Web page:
In case you saw this post briefly disappear, I apologize for the confusion. I inadvertently uploaded an older version of the video and quickly took the post down so I could rectify the error.
When I first wrote about Noah’s flood some years ago, I offered an interpretation of the flood timeline based primarily on a 1980 paper by Niels Peter Lemche. Later, I discovered a more recent paper by Lloyd M. Barré that solved some of the difficulties that remained in the reconstructions attempted by Lemche and others.
Anyone can read the paper for themselves of course, but I thought it would be nice to demonstrate the flood chronology visually as a follow-up video to Episode 1, which I posted two weeks ago. Shorter videos like this will be treated as supplementary instead of getting their own episode number.
My media consumption increasingly comes in the form of YouTube videos these days — particularly documentary-style video essays on a variety of topics that interest me. One of my primary interests is obviously biblical studies, but there aren’t a lot of video channels that take biblical research seriously and communicate it to general audiences. So I decided I would give it a try.
December of 1872 marked a watershed in biblical studies. At a highly publicized lecture for the Society for Biblical Archaeology, with British Prime Minister William Gladstone in attendance, an Assyriologist named George Smith revealed the startling contents of a tablet he had recently discovered. The tablet, one of 25,000 or so that had been excavated from the ruins of ancient Nineveh and sent back to the British Museum in London, told the story of a universal flood that sounded very much like the tale of Noah’s Ark that every churchgoer is familiar with. The tablet turned out to be one of twelve that made up the now-famous Gilgamesh Epic.
“Why did the people in Genesis live to be hundreds of years old?” is a question that surely everyone who ever took the Bible seriously has asked. Those who have moved on from their childhood (or childish) adherence to a literal interpretation of Genesis are still generally curious about the ages and if there is any symbolism to the numbers that the Bible records with such tedious exactitude.
Some of the typical answers provided by biblical scholars are less than satisfying, and the fact is that most of the numbers themselves may simply be meaningless on their own. However, some odd facts concerning the ages of the patriarchs have recently been analyzed in biblical studies journals, adding to our knowledge of the Bible’s composition history in the process. There are two issues of particular interest: the numbers in the genealogies taken as a whole, and a problem introduced by the Flood story, which required some tampering with the genealogies by the Bible’s editors.Read More »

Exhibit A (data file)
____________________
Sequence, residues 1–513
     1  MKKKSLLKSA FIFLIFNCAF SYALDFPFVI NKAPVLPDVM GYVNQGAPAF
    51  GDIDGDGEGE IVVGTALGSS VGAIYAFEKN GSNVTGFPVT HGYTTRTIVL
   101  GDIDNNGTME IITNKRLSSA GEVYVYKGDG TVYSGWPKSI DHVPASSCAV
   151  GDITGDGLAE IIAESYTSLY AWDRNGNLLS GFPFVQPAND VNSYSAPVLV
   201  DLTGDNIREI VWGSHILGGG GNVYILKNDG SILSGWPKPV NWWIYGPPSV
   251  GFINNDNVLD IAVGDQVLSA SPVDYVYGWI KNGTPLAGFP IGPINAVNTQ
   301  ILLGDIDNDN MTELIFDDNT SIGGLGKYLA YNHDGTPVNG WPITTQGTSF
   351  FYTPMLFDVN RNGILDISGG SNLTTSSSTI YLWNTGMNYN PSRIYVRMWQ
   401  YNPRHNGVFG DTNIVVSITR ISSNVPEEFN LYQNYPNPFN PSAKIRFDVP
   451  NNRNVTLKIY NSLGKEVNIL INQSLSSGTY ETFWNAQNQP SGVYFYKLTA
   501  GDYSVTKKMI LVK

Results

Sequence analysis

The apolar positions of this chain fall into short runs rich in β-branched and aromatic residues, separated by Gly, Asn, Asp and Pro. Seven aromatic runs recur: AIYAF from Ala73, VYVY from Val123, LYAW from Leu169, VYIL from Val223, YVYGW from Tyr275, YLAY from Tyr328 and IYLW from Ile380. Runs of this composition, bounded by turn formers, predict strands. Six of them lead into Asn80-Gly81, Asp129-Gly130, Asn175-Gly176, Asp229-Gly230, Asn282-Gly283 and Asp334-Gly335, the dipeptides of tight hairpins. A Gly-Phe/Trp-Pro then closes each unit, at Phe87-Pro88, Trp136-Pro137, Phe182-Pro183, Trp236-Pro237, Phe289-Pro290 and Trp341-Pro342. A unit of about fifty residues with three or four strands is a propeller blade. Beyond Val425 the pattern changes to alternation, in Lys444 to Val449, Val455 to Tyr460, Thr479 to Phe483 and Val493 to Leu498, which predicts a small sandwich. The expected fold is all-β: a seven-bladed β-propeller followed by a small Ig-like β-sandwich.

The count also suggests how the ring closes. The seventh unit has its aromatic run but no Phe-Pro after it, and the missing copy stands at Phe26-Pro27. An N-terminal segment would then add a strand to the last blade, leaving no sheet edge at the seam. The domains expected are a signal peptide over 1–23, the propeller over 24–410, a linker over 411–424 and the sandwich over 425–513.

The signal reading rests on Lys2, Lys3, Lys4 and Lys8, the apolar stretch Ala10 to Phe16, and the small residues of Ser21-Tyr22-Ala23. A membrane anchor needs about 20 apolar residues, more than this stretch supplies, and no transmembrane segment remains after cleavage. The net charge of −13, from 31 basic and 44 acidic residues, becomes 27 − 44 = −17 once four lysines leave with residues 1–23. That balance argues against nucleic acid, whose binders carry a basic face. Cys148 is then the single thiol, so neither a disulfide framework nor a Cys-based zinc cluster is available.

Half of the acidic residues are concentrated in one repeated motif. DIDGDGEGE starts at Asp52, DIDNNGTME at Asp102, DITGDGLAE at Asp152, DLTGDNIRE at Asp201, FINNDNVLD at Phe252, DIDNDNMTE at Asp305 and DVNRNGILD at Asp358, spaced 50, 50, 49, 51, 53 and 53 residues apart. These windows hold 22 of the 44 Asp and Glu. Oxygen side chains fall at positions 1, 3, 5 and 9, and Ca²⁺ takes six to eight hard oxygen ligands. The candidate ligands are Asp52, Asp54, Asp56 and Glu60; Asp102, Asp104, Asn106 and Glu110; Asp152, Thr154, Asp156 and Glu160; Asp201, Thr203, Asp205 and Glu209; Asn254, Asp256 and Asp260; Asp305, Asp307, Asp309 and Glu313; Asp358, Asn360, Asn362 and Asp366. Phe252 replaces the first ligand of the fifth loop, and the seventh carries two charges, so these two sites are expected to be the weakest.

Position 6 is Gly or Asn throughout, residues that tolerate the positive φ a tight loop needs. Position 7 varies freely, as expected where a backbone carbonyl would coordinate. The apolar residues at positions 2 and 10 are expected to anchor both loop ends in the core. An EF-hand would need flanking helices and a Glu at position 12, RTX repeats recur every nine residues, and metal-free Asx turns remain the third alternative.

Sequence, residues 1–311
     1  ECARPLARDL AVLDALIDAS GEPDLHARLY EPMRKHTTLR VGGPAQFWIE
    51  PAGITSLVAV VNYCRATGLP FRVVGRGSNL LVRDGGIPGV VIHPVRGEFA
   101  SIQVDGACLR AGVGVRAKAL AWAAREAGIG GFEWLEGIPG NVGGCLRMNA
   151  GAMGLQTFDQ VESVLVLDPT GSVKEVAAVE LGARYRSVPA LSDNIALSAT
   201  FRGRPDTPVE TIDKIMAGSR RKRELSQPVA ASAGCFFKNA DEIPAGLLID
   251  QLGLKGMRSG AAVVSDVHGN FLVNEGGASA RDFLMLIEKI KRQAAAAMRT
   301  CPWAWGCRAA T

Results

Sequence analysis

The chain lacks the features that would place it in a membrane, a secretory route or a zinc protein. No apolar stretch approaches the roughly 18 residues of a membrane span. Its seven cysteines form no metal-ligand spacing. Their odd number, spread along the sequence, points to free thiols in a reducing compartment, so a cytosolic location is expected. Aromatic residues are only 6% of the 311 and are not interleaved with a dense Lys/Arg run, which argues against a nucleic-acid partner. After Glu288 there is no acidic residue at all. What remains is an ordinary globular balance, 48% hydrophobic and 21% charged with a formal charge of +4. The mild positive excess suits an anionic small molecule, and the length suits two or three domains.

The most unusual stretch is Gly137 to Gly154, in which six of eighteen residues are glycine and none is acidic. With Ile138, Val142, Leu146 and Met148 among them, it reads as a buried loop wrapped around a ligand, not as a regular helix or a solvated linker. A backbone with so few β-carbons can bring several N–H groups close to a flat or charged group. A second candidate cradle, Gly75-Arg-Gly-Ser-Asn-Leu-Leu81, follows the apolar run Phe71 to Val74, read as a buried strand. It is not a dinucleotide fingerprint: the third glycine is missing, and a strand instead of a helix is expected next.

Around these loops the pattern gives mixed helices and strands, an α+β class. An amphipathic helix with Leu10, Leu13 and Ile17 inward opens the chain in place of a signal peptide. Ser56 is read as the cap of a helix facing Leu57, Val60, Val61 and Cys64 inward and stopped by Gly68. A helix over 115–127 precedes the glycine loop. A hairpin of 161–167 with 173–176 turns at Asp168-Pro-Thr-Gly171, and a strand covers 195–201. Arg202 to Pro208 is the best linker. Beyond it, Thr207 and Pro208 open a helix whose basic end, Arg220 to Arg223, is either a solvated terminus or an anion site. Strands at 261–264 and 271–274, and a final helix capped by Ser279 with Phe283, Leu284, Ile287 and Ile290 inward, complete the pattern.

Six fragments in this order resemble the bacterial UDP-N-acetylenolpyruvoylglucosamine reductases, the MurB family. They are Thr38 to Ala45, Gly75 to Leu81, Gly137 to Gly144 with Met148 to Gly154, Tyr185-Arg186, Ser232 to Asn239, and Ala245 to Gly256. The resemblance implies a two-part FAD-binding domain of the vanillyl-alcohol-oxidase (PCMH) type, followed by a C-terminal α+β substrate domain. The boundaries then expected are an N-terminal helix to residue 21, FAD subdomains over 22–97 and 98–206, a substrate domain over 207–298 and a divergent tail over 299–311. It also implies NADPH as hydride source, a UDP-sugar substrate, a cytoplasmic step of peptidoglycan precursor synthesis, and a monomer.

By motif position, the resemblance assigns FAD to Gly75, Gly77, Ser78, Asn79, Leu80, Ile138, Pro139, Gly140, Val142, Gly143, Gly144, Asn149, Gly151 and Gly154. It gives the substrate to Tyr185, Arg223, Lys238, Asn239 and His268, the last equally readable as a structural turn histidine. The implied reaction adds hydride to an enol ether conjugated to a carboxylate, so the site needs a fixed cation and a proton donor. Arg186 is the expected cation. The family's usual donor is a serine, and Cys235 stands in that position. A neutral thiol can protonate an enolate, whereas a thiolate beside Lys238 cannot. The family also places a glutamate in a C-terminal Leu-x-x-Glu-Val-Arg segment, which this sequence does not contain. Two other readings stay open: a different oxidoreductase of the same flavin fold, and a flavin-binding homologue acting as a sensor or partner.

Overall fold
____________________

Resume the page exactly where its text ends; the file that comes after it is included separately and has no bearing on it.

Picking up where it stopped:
In 1996, Old Testament scholar David Carr published the results of his study into the history of Genesis’s formation. This book, Reading the Fractures of Genesis, made significant progress in unravelling the mystery of how the Pentateuch was composed. I’d like to write a few articles about Carr’s model and how it applies to various passages, beginning with the flood.
It has been recognized by scholars since the 18th century that Genesis and the Pentateuch were composed from multiple sources. The dominant model that most are familiar with today is Wellhausen’s Documentary Hypothesis (DH) from the late 19th century, which proposed four independent sources (J, E, D, and P) whose texts had been combined to form the Torah. Today, the original DH has been largely abandoned in favour of newer models, although many of its fundamental principles are still widely accepted.
Carr’s book gets back to basics and focuses solely on Genesis for developing his source theory. He draws attention to the presence of “fractures” or fault lines in the text of Genesis that cause problems for interpretation. According to another scholar — G.H. Hartman, whom Carr quotes — these fractures indicate “the tension that results between producing one authoritative account and respecting traditions characterized by a certain heterogeneity” (p. 11). In other words, Genesis attempts to create a unified story out of traditions that aren’t always in agreement, as demonstrated by clues throughout the text.Read More »
Although the quotation of 1 Enoch in Jude 14–15 is often noted, the complex dependencies between 1 Enoch, Jude, and the Petrine epistles, as well as the general importance of the theology of 1 Enoch in the New Testament, often go under-appreciated. Taking a closer look at these books provides some insight into how early Christian authors adapted each others’ work and drew upon texts that were ultimately omitted from the Bible. The relationship between these books might also pose a problem for some conservative theologians and clergy who believe the Catholic epistles to be inerrant, but not earlier works like 1 Enoch.Read More »